The whole business is so horribly Orwellian. What a way to make a living.

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  3. As a student social worker, I had the opportunity to read one parenting capacity assessment during my practicum with MCFD. However, it was prepared by Dr. Paul Eirikson, not Dr. Bowden. In this particular instance, the parent has a diagnosis of Fetal Alcohol Spectrum Disorder, which is the source of the doubt for parenting capacity.

    The MCFD referral questions included the following:
    1. Review of documentation & files @MCFD office, specifically a review of reports from Project Parent.
    2. Intellectual testing.
    3. Home visit & analysis of family interaction parents, the roles & relationships & family members focusing specifically on the health & safety of the children.
    4. Assessment of parents 'benefit ability' to benefit from parenting interventions on a short & long term basis.
    5. Interviews to include parents, ministry social worker, foster parents, Project Parent worker and Support worker from the Band (family is Aboriginal).

    Also included in the referral questions in the report was the parents referral question, which was regarding the return of the children to their care.

    A big part of the report was the interview with the parent, including personal history, parenting plan, services for parenting, drug & alcohol history/current situation, criminal history, the children, psychological functioning/mental status/behavioural observations, & psychological testing.

    I don't know if these subtitles were specific to this particular assessment, or if they are typical of most assessments.

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    Replies
    1. where can i find out about more queston s in an assessment

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    2. Anonymous Feb 20, 2012 04:06 PM
      I have asked Alison to comment and perhaps she will have time to do this. You notice I trust that her comment was almost one year ago.

      Delete
    3. Unfortunately, no, I do not know any more about Parental Capacity Assessments now than I did as a student. The one thing I DO know is that they cost a LOT of money (around 6K), and so are not used very often. I would hazard a guess that the social worker and team leader could customize the referral questions to the specific case, i.e., if parental capacity was in question due to a diagnosis of FAS, then an IQ test would be requested, but perhaps not always.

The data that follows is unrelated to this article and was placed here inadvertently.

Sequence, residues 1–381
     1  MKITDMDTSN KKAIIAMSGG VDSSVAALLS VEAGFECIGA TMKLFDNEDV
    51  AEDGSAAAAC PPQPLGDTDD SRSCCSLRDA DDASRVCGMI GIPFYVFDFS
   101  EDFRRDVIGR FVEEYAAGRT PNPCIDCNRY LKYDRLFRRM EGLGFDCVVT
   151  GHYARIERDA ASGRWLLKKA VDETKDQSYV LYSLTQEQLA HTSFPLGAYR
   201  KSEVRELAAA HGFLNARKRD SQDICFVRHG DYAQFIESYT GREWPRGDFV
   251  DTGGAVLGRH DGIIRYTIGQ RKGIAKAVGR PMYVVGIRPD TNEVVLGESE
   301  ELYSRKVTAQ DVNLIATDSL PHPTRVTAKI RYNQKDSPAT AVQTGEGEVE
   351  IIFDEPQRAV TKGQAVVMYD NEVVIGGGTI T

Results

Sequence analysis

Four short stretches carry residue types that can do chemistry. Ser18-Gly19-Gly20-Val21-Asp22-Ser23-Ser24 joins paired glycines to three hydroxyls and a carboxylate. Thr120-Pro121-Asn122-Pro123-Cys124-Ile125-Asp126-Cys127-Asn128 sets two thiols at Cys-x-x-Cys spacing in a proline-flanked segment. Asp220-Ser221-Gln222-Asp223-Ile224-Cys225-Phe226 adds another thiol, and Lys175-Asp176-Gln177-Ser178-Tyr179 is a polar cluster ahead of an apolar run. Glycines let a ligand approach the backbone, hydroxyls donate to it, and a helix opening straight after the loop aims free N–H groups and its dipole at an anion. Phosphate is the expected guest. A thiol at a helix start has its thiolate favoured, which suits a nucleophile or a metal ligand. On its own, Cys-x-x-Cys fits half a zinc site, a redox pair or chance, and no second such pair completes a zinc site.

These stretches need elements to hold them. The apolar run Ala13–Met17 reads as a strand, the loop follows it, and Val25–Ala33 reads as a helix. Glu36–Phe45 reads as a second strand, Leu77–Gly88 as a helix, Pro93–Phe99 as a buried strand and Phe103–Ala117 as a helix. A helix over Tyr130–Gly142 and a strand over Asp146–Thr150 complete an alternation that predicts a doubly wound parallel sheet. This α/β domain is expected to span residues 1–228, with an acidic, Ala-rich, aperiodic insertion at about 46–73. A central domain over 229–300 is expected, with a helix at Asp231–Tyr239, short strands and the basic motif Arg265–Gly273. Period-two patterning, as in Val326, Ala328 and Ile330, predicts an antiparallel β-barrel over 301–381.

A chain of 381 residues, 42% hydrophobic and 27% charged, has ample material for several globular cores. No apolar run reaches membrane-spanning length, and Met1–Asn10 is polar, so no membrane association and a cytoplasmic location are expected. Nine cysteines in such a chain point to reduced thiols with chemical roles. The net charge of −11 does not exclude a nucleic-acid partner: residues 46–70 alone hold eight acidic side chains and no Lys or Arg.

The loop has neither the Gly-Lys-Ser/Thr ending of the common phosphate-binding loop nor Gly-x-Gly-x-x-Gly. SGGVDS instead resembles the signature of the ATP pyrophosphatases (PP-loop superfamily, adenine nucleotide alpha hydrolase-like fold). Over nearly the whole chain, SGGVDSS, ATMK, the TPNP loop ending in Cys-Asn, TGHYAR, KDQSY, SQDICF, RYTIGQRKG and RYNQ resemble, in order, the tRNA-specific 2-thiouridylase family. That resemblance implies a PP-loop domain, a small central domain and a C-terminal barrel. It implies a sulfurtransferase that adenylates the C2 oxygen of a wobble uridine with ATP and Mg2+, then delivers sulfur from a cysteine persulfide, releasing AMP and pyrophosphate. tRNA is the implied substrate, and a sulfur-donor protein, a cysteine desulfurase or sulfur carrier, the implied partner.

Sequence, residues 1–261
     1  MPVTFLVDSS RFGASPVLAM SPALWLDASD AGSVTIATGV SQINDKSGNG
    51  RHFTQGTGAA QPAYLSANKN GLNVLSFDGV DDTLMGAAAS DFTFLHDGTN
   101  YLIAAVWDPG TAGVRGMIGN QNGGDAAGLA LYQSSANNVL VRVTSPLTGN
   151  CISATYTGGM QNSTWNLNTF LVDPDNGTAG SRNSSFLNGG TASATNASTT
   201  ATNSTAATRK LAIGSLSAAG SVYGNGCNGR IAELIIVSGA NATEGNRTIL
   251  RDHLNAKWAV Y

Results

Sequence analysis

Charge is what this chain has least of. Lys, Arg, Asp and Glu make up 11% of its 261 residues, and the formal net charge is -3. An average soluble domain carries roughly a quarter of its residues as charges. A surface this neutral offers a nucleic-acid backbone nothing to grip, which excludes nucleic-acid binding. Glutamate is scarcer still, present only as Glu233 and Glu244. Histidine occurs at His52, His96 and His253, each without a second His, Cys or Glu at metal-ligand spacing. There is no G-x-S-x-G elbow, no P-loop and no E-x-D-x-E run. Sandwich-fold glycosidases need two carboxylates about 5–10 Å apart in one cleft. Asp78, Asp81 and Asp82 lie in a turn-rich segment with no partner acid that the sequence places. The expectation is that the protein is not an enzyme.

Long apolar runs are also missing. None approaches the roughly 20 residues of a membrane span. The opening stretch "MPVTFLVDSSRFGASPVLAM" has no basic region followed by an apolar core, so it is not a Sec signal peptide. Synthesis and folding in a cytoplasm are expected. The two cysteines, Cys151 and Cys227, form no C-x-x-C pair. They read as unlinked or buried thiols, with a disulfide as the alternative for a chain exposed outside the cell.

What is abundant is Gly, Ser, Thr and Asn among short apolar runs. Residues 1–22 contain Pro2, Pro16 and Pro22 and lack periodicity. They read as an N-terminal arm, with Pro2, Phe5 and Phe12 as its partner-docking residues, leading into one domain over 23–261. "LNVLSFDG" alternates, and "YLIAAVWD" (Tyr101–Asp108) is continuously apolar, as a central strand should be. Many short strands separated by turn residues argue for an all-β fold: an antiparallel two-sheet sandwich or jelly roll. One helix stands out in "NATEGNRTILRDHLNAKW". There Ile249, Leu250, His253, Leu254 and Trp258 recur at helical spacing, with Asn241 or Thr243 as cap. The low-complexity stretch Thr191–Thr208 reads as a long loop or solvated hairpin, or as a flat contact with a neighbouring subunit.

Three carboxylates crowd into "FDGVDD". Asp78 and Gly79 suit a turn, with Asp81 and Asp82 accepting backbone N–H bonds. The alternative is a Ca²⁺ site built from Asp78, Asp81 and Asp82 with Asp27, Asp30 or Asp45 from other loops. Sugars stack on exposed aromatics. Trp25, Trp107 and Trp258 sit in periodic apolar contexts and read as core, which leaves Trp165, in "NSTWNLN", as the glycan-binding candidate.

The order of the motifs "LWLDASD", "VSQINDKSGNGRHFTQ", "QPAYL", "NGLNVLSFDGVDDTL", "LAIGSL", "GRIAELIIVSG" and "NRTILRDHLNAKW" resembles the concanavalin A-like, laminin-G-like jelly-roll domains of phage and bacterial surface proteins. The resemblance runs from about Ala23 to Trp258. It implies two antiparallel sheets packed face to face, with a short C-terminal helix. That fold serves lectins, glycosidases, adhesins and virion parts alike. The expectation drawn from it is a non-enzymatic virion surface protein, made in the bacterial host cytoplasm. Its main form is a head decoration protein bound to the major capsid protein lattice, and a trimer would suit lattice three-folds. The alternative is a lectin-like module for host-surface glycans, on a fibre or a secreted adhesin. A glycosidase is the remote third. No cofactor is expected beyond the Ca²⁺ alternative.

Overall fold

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  4. Thank you Alison for the helpful information

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  5. I am in Ontario, so my experience might be a bit different. I had a parenting capacity assessment done. The process was like this:
    a) interviews with myself, the social worker, and my parents
    b) phone interview with some support services we had been involved with
    c) home visit (where the children lived but I did not) with interaction..
    d) two clinical surveys, which apparently told the assessor everything she wanted to know

    I did poorly on it, maybe due to the situation at the time. But I felt at the time (and still do) that the assessor didn't take a lot of the issues I was trying to deal with into consideration and didn't look at the situation and all of the factors involved.

    An assessment is only as good as the assessor and from what I read about the assessor I had is that she tends to write her assessments in the same way, and about 95% of the time will recommend the parents losing their children to the courts.

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  6. Alison, could I have your contact information? I'm doing a literature review on parenting capacity and I would like to interview you or send some questions.
    Thank you. MM

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  7. I am curious as to whp has ever passd a parent capacity assessment

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  8. Im trying to find infirmation on what to expect on this evaluation. Im taking it on april 4.2014... Ive asked numerius amounts of times if the people who watched me interact. with my son now is 9months if they think i handel him approperatly. Ive been told since day one by case worker and many others they dont think my ability to raise my son is an issue in the care of his milestones and feeding and so on..but they still insisiting that i have this evalution. Its routine i been told. Also no one wants to even tell me what to expect. There issue is they r worried at first i might relapse but since they couldnt find any evidence to suplort that now they r goin after my mental health because i recieve ssi...i have anxiety..i like to jbow since when does that mean u cant take of a child and also at time i was grated the ssi my life and living was drasticaly diffrent from now..no one seems to hear me at the many evalutions ive hax and they all seem to b very generic and seems lime jyst the name at top was changed...i hope this is different